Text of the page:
Indian Territory in the mid to late 1890's posed many challenges. Lack of good medical care, the difficulty in growing gardens and crops, in addition to the challenge of finding adequate housing meant many families lived in shacks and sod houses while having to go without. Most frontier towns had more saloons than churches and outlaws roamed the countryside.

Availability of land enticed many folks to move to Indian Territory and yet I find no evidence that any member of the Ganus family acquired land there in the early days. They arrived well after the initial Land Run of 1889 and no record has been found to show that they obtained land in any of the later run
s.


migration, southerners, Indian Territory, Oklahoma,
John's moves: Red, Georgia to Alabama in early 1860s, Orange, Georgia to Arkansas late 1860s.
Green, Georgia to Colorado 1887, Yellow, Colorado to Oklahoma late 1890s

Not only is it difficult to understand why they moved to Indian Territory, it is equally difficult to fathom why they were willing to leave Colorado.

Leaving Colorado meant leaving behind their homes as well as an established community of other southerners and other members of their church. Some of their neighbors in Manassa had traveled with them when they left Georgia in 1886. The Ganus family also left behind the graves of their tender young grandchildren who had died much too young.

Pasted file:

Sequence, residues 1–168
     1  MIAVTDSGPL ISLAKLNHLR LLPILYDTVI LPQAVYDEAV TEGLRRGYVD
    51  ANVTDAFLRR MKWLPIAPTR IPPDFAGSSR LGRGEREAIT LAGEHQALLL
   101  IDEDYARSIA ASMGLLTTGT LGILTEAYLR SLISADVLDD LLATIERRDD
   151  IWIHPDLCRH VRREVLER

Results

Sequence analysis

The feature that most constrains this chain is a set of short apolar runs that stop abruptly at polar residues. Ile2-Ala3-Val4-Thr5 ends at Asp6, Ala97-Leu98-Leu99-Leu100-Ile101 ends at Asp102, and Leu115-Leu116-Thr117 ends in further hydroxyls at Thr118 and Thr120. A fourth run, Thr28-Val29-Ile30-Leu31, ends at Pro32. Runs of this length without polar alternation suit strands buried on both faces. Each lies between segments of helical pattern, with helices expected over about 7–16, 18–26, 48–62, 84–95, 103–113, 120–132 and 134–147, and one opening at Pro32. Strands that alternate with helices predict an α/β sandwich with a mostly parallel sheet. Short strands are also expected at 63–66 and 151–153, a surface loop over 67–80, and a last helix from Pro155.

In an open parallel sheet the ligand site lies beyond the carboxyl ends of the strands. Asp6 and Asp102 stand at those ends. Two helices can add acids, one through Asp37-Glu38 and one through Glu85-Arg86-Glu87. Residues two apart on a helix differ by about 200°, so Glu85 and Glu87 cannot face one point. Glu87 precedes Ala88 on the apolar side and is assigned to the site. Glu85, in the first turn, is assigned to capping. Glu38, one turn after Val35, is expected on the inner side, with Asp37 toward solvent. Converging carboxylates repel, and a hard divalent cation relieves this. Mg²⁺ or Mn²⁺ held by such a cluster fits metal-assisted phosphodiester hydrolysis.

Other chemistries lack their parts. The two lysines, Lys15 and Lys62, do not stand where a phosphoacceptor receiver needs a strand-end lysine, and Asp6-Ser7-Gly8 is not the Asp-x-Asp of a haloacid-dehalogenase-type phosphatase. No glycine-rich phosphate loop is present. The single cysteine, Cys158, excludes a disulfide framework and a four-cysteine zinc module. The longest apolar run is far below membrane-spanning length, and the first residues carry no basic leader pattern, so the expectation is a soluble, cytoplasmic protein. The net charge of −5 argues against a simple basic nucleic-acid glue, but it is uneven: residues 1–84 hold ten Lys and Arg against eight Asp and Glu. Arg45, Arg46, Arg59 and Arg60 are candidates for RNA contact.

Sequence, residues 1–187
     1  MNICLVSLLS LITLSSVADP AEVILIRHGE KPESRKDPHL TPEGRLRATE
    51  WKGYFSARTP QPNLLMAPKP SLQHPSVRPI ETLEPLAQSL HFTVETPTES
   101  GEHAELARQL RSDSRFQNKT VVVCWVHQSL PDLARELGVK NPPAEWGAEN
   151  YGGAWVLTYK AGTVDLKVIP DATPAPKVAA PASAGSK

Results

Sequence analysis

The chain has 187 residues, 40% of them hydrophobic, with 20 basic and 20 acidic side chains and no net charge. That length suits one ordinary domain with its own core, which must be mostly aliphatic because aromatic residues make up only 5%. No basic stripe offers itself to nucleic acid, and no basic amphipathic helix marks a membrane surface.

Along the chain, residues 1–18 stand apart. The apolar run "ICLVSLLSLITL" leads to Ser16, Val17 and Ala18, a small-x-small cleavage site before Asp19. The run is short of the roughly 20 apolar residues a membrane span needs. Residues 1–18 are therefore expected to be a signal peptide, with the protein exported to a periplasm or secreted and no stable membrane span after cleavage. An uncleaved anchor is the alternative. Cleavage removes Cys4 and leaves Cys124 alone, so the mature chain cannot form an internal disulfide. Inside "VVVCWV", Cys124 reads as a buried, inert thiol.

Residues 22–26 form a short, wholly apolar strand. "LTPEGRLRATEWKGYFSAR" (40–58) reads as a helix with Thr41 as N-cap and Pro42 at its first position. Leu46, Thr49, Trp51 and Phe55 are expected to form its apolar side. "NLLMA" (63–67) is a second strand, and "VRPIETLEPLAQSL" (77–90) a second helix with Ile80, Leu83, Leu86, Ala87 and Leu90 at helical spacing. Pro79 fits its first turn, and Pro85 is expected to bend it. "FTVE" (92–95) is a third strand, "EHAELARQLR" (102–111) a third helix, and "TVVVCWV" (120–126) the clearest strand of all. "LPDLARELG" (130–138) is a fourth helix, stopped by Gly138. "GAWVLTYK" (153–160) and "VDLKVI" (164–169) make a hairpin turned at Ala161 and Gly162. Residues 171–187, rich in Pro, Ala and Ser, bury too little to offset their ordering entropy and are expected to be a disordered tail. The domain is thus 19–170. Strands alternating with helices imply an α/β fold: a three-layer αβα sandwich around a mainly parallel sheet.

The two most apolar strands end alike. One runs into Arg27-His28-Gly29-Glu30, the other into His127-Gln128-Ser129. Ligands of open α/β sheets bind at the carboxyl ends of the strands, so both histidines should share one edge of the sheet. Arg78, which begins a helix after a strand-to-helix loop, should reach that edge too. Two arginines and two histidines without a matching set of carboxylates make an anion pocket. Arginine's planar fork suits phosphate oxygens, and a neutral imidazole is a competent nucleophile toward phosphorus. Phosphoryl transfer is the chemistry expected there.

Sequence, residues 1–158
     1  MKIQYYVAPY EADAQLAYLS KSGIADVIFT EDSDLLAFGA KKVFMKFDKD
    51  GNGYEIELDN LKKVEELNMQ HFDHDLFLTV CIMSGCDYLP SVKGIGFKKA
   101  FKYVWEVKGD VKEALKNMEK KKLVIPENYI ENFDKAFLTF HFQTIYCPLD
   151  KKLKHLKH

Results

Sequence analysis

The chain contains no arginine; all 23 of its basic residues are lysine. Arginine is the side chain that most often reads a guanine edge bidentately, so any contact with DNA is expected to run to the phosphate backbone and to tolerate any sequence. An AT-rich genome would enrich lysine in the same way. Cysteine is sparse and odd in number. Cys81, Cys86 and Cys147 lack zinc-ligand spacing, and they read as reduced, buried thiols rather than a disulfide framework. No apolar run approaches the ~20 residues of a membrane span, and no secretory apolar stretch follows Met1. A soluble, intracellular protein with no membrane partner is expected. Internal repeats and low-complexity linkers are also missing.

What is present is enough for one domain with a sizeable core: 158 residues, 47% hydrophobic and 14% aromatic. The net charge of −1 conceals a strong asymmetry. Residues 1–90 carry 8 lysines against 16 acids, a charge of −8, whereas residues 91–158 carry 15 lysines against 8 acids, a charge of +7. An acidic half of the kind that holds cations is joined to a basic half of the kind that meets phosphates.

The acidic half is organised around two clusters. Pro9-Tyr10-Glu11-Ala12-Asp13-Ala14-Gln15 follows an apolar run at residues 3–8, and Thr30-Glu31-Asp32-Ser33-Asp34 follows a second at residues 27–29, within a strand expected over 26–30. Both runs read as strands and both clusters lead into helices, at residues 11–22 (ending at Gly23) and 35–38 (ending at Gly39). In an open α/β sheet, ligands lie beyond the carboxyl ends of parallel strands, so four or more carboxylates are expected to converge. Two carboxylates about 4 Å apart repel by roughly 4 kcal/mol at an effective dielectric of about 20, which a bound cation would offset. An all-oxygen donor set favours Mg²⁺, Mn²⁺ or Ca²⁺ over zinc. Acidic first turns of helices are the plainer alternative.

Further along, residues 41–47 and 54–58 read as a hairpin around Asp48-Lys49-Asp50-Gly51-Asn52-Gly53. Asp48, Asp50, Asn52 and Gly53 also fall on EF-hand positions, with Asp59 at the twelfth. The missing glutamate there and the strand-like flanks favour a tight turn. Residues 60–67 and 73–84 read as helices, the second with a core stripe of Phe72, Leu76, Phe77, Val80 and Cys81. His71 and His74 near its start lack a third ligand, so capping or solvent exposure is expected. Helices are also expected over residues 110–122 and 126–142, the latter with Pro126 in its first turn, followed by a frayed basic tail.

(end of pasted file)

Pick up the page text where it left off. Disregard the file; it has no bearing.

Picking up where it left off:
Given the challenges of moving yet once again, I can only assume their decision to leave was mulled over for some time and discussed at length among their sons and their families.

This would be John and Olivia's final move. Roughly six years later on the windswept plains of Oklahoma, Olivia passed away on 12 September 1902 at 71 years. John would live another four years, dying on 9 April 1906 at the age of 79.

After a lifetime of looking to their father for direction and guidance, the five brothers would be left to stand on their own. The oldest son, Frank was only 54 years old when he passed away a few months after his father, John. Frank's wife, Sarah was only 45 years old when she followed three years later and so Frank and Sarah's sons were sent to back to Colorado to be raised by Sarah's brothers. The other four Ganus brothers, John, Roderick, Newton and Robert, remained in Oklahoma, and all but Newton, who never married, raised their families ther